A recent opinion by the EU Advocate-General may be of great assistance to Gibraltar in its efforts to maintain its position as a leading international finance centre following the agreement with the EU to phase out the tax-exempt company status that has been in existence since 1967.

The opinion in question was given on 20 October 2005 in connection with the Azores case, concerning regional selectivity, which considered whether the introduction by the Azores Regional Assembly of tax advantages for companies in the Azores was illegal state aid.

The EU (if the European Court adopts the EU Advocate-General’s opinion) will probably confirm that the Azores regime does constitute state aid and is therefore illegal. However, it is likely to adopt the Advocate-General’s principles concerning regional selectivity, which are set out in his opinion and which could be of great assistance to Gibraltar’s position.

Gibraltar is in competition with the other leading global international finance centres such as Jersey, the British Virgin Islands and Bermuda. Part of Gibraltar’s attraction has been its offering of tax- exempt company status. On payment of an annual fee, a tax-exempt company is not liable to further taxation in Gibraltar and is not required to file tax returns. Such a company is prohibited from carrying on business in Gibraltar or with residents of Gibraltar, but it may carry on business with other exempt companies.

Two-edged sword
Gibraltar is a part of the EU, having acceded at the same time as the UK. However, being part of the EU has been something of a two-edged sword in that it also entails a need to ensure compliance with EU legislation. This brought the use of tax-exempt company status under scrutiny by the European Commission as possible state aid.

The recommendations that have since been agreed by the UK and Gibraltar are that existing tax-exempt companies will retain the benefits of their exemption until 31 December 2010, provided that there is neither a change in ownership or activity. If there is such a change, then the status will cease on 31 December 2007. Existing exempt companies that change ownership and/or activity after 30 June 2006 will lose their tax-exempt status. Companies that obtain tax-exempt status after 18 February 2005 (and there is a limit on the number of new companies that can be given this status) will be able to retain the benefits of that status until 31 December 2007, whether or not there is any change in activity or control.

To replace the tax-exempt company status while maintaining its competitiveness, Gibraltar has proposed introducing a radically different taxation system. This involves abolishing income tax on company profits and replacing it with a payroll tax (£3,000 per employee in Gibraltar) and a business property occupation tax, in addition to property rates, at 100 per cent of the liability to property rates. The total tax liability would be subject to a cap of 15 per cent of profits, or £500,000, whichever is lower. There would be additional ‘top-up’ taxes for financial services companies and utility components, but with the same cap.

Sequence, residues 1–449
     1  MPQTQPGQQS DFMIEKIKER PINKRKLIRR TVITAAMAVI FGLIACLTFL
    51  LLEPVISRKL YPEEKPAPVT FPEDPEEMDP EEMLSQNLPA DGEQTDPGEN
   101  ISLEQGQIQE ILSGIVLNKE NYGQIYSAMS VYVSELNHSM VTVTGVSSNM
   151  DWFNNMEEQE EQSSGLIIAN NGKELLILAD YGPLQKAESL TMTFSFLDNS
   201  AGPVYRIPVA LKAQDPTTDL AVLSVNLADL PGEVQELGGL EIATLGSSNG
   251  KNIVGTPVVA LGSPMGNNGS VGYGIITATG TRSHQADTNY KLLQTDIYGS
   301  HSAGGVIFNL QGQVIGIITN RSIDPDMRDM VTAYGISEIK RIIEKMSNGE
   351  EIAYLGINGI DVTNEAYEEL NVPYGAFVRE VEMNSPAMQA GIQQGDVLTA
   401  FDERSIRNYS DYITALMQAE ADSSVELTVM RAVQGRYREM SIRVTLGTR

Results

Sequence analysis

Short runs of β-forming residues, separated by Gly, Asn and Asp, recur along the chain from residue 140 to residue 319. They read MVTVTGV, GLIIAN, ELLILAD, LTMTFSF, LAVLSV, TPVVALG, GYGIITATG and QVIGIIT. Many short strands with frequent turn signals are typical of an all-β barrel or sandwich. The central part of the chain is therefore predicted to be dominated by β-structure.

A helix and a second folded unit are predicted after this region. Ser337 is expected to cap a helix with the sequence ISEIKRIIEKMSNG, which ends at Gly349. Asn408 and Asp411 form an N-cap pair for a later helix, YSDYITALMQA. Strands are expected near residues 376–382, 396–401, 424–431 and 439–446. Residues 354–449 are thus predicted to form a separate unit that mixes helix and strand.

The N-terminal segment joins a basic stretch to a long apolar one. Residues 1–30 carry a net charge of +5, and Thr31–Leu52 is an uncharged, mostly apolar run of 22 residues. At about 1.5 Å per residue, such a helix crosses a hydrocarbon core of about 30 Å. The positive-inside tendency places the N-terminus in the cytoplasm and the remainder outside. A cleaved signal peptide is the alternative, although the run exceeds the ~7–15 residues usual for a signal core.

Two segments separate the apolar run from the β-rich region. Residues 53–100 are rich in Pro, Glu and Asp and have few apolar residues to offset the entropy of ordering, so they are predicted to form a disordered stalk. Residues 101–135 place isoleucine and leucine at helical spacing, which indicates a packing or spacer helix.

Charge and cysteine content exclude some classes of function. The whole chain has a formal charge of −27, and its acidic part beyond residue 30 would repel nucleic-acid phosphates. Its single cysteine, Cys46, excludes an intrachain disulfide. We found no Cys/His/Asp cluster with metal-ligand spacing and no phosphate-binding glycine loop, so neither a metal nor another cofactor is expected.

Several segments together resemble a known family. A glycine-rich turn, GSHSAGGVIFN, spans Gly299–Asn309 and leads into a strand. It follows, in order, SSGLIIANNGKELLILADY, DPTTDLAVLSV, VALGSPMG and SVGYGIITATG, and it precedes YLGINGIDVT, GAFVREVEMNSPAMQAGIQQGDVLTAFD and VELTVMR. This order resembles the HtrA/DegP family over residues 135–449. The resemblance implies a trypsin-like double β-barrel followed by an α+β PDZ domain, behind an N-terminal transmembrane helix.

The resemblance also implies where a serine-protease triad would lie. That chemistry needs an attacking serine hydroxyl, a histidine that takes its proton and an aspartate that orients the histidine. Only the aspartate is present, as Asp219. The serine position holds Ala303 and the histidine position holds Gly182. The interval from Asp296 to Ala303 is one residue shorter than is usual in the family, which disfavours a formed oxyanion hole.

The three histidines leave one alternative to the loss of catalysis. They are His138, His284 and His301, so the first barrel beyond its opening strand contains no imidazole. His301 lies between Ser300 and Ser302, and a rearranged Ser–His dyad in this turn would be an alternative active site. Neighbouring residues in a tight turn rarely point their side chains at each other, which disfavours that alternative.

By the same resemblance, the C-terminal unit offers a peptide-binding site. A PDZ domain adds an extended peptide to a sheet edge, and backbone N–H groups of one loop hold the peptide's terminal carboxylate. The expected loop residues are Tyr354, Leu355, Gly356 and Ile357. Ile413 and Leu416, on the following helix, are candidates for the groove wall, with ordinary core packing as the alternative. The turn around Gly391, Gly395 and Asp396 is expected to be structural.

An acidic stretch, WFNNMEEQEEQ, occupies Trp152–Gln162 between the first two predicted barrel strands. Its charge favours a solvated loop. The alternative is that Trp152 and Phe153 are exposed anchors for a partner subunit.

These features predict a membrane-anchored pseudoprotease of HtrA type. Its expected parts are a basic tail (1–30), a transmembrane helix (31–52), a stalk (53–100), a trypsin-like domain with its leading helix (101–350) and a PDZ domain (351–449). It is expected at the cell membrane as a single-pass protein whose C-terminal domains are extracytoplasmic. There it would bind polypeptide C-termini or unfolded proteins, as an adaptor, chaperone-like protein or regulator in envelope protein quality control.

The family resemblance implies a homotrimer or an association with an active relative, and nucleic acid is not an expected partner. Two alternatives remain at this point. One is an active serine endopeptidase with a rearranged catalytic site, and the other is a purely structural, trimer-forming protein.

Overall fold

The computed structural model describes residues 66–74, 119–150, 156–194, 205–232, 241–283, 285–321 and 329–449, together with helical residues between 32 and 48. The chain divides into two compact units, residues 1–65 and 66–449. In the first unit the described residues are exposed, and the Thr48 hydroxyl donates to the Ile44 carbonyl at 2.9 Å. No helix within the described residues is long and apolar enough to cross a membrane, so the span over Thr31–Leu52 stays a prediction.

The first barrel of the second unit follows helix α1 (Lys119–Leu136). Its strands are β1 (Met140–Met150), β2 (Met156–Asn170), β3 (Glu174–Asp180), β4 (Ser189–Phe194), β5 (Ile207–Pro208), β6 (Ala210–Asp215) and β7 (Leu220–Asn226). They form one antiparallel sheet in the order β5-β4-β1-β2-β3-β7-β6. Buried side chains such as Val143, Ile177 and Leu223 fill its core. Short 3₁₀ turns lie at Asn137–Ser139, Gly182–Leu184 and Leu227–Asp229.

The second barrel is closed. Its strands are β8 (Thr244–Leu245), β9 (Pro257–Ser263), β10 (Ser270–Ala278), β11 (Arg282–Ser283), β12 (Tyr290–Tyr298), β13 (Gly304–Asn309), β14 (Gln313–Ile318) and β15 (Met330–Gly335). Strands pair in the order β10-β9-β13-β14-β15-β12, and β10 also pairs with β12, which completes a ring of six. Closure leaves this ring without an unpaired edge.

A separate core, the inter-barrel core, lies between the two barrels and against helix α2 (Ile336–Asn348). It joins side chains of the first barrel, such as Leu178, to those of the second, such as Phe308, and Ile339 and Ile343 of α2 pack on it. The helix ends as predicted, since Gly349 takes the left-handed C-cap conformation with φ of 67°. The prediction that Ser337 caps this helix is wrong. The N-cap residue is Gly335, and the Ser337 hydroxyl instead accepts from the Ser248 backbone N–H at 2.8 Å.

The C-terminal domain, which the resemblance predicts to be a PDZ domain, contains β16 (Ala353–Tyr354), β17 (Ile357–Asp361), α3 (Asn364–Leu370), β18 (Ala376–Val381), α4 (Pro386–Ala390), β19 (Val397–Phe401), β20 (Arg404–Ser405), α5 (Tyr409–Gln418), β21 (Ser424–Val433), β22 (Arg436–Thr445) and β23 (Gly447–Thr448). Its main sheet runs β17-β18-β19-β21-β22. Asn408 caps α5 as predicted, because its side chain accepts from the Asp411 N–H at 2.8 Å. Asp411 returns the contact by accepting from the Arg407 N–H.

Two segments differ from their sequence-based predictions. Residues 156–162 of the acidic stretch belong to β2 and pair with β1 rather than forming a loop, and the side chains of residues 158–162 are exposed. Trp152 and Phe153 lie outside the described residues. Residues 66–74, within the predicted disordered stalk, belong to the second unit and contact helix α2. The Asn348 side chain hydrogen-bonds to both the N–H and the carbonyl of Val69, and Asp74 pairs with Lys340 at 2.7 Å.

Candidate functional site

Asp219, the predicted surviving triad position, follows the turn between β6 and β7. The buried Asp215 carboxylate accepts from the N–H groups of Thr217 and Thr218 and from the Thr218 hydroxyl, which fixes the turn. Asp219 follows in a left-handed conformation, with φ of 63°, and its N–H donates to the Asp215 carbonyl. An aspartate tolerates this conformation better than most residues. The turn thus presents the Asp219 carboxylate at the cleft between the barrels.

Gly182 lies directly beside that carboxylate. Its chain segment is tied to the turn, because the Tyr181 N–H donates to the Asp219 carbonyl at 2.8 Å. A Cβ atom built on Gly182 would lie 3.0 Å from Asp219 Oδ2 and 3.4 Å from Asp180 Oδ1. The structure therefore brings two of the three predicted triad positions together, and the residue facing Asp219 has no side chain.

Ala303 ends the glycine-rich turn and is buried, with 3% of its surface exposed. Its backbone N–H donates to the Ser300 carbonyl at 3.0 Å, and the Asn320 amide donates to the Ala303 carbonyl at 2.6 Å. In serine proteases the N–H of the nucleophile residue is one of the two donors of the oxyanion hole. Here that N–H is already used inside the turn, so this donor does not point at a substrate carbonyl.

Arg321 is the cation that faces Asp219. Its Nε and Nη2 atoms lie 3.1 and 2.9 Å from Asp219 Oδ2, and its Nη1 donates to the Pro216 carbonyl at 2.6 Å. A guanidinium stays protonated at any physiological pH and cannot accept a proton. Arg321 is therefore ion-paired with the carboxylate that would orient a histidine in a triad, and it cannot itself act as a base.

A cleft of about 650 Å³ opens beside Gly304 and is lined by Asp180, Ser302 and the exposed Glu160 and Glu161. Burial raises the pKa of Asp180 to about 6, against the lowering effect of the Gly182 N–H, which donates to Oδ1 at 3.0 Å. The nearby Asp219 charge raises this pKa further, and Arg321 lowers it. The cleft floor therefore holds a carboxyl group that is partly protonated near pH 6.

This proposal has been put forward to Brussels, but was rejected by the Commission and is now the subject of litigation. However, one of the principal planks of the rejection by Brussels was that the proposals involve regional selectivity in that the reforms only apply to Gibraltar and not to the UK as a whole. If some form of regional selectivity is involved, the Commission’s position is that there is likely to be state aid.

Autonomous or not?
The Advocate-General’s opinion in Azores sets out the circumstances that he believes would not give rise to selectivity, one of which being where “the lower tax rate results from a decision taken by a local authority that is truly autonomous from the central government of the member state”. By ‘truly autonomous’, he has opined that he means “institutionally, procedurally and economically autonomous”.

Gibraltar will be arguing strongly that its position is that it is not integrated with the UK and its special status means that it has a completely independent tax regime. Any taxes in Gibraltar are not derogations from, or changes to, the UK regime but are independent taxes. They have nothing to do with the UK tax system. It is therefore likely that the anticipated decision in Azores will be of great assistance to Gibraltar’s position. The European Court’s decision is expected in the early months of 2006.

Stephen Forster is a partner at Hassans